Mangalore real estate developers seek funds
The Real estate developers' body in Mangalore has urged bankers not to compare them with developers in mega cities while extending funds to them.,
Speaking at the inauguration of a home loan fest, organised by the State Bank of India (SBI) here on Saturday, Mr P.M.A. Razak, Chairman of Mangalore chapter of CREDAI (Confederation of Real Estate Developers' Association of India), said loan sanctions are not materialising because bankers compare them with their counterparts in metros.
Stating that NPAs or sub-standard assets are unlikely in Tier-2 and Tier-3 centres in the country, he said a major portion of the present NPAs in real estate sector is by a handful of big developers in the metros.
He said a major portion of the local economy in Mangalore is driven by the real estate sector, as the city lacks mega industries and investments in IT (information technology) sector. More than 65 per cent of jobs for un-skilled workers in the region are generated by the real estate sector, he said.
In such a situation, banks should help the real estate sector by extending adequate funds to them, Mr Razak said.
Inaugurating the fest, the Karnataka Minister for Ports, Mr Krishna Palemar, said home loan and car loan 'utsavs' like this would help customers own their dream house/car. Added to this, such loans will also help boost the growth of the city.
Bangalore realty change rides on metro
Even as the Metro rail chugs on its way up the popularity chart in Bangalore, the government has approved the second phase of ‘Namma Metro’. The 72-km Phase II of Metro will come up at an estimated Rs 27,000 crore, and is expected to be completed by 2017.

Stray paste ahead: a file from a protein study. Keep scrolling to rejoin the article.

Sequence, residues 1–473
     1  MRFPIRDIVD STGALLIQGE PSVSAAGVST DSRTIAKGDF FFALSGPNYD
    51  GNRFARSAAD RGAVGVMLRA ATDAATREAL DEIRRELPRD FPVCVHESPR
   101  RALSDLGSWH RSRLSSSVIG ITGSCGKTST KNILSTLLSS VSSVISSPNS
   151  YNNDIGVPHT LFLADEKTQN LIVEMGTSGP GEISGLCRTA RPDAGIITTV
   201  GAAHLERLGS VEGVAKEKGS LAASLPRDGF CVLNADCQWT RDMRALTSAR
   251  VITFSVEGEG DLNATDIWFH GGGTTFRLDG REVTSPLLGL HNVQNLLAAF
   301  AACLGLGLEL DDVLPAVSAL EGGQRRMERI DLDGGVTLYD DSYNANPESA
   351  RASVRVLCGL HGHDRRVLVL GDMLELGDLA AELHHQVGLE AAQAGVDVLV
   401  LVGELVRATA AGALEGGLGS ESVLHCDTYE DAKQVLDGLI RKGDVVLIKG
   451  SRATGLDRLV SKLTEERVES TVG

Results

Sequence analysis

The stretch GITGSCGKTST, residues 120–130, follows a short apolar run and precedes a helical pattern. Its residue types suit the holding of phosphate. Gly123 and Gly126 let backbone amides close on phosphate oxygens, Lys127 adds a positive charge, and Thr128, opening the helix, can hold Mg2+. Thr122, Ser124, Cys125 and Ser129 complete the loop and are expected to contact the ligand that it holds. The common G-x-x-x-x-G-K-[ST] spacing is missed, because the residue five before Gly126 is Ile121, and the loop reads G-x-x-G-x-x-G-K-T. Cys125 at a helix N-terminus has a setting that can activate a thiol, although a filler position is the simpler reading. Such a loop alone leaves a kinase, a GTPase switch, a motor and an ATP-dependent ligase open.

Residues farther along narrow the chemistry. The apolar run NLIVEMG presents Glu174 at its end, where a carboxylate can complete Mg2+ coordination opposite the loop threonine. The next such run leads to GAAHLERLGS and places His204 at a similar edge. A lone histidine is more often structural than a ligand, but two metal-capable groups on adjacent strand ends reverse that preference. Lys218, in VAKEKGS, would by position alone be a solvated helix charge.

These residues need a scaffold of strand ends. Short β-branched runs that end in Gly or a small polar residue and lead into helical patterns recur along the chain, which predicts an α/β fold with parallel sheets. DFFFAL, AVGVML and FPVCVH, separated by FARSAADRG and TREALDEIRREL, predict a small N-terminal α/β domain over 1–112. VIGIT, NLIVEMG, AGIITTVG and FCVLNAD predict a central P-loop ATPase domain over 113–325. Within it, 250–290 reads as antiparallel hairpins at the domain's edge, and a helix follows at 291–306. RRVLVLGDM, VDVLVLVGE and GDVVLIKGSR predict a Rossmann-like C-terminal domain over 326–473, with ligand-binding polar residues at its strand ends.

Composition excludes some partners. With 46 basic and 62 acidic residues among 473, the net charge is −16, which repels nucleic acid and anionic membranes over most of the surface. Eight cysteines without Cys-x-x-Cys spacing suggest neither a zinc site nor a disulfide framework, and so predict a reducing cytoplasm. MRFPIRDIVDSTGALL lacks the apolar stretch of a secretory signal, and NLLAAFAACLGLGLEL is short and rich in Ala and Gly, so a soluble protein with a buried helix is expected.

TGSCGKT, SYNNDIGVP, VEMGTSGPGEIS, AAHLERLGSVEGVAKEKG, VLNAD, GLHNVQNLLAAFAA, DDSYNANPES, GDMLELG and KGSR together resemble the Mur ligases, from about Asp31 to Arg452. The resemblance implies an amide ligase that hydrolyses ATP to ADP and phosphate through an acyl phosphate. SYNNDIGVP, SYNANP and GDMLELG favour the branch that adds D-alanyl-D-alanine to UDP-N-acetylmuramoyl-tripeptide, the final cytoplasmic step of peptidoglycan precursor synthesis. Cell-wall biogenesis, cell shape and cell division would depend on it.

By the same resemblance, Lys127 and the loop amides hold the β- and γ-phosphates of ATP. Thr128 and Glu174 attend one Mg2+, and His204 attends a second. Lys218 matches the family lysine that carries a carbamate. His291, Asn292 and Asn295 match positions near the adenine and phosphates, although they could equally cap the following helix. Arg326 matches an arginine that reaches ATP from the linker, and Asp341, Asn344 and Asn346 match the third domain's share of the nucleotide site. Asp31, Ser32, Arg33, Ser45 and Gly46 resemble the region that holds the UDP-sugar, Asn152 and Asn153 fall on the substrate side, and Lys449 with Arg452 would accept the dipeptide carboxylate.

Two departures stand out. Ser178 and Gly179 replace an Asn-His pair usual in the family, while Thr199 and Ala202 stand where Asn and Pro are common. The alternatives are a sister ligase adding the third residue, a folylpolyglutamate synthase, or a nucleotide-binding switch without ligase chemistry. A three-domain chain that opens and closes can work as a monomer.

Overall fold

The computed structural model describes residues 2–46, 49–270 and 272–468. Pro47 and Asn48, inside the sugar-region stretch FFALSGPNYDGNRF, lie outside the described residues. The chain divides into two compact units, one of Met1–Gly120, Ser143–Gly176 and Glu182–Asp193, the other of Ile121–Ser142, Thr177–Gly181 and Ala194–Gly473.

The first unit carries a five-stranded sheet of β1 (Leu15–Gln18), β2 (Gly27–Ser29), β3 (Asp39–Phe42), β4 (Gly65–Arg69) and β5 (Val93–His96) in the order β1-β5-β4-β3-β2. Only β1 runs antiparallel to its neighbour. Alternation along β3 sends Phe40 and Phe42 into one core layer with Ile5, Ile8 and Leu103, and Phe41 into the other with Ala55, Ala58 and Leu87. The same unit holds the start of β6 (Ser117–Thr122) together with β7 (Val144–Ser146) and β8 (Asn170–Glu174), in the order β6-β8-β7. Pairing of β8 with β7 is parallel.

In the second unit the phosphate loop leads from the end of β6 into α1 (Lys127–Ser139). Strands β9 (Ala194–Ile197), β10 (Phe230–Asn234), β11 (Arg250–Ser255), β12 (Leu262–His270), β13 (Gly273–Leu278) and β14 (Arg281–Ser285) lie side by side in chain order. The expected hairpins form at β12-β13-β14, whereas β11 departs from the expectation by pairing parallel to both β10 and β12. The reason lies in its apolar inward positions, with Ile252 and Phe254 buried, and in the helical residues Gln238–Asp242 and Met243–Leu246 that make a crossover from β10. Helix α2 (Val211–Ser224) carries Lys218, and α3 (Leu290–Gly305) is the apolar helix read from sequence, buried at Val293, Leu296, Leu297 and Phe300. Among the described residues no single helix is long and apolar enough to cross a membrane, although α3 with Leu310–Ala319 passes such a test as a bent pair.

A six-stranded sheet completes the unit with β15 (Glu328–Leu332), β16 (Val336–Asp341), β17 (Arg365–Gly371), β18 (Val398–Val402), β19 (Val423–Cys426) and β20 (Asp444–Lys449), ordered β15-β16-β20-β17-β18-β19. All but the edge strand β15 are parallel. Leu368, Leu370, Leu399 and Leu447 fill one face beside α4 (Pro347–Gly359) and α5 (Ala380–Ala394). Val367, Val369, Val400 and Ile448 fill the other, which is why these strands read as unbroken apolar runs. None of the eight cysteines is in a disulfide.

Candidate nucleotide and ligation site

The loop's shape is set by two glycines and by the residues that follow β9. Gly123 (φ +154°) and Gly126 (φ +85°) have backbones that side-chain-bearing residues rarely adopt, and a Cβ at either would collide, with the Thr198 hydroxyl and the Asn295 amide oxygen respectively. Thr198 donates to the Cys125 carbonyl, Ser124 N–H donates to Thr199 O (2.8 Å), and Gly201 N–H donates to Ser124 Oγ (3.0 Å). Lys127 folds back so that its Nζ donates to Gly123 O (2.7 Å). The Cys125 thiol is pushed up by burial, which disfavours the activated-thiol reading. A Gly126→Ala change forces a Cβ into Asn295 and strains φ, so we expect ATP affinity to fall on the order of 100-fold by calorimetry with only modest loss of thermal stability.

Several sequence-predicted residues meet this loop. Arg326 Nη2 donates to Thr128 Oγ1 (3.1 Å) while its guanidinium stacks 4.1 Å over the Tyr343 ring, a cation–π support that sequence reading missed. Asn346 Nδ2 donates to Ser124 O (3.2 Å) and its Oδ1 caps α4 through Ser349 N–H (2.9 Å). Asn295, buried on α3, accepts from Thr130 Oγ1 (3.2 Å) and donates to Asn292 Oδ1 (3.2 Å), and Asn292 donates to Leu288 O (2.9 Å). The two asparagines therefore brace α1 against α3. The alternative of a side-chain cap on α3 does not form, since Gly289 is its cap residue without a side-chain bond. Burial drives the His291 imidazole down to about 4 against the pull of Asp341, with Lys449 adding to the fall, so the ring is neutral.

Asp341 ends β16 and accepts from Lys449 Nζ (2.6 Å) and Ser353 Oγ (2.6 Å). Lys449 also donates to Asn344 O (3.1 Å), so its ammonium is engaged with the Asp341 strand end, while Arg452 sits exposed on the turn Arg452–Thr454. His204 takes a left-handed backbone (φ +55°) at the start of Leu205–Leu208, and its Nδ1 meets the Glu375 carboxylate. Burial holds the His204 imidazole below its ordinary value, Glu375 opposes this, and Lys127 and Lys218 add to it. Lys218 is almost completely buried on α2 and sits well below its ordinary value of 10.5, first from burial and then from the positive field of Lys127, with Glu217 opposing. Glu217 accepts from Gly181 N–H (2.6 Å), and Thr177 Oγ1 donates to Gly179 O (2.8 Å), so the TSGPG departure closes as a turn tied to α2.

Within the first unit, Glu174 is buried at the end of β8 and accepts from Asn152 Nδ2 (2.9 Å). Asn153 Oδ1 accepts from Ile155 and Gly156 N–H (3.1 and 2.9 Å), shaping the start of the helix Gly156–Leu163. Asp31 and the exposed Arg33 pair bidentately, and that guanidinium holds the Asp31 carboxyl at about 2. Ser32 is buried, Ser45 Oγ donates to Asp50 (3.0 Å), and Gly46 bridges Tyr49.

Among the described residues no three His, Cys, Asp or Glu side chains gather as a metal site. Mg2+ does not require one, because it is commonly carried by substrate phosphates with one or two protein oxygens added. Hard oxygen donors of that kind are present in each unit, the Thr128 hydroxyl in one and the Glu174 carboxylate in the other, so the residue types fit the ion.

Will the coming of the Metro churn — or even marginally touch — the real estate market scene as it did the Capital?
Mr V. K. Sharma, Director and Chief Executive, LIC Housing Finance, at a recent event in Bangalore, said that he expected the metro train service to transform the city in the next three years. He explained the case of how Delhi went through a similar experience after the metro service was started there. Real estate analysts point out that the peripheral property markets in areas like Gurgaon sky-rocketed, thanks to the Delhi metro.
In October 2011, a 6.7-km stretch between Baiyappanahalli and M G Road, with six stations, was inaugurated. The stretch is Metro’s ‘Reach 1′ part of the East-West corridor of the first phase. Phase I will see a 42.3-km network, 8.8 km of which will be underground on the East-West (Baiyappanahalli to Mysore Road) and North-West (Hesarghatta to Puttenahalli) corridors with 40 stations. The first phase is expected to be completed by December 2013.
The city’s working population predominantly belongs to the IT/ITeS sectors, and most of the IT/ITeS offices are located in locations such as Outer Ring Road, Electronics City, Whitefield, and Bannerghatta Road. Extending this infrastructural project to include the IT corridors of the city would not only make commuting to office much easier and faster for the city’s working class, but would also help de-congest the fully-blocked roads.
As has been the experience so far with the Metro, the commute between the now-operational Baiyappanahalli and MG Road doesn’t take more than 9 minutes. That very road, at peak-hour traffic, would take anywhere between 30 and 40 minutes (at the minimum), while commuters can cover the distance in around 25 minutes during non-peak hours.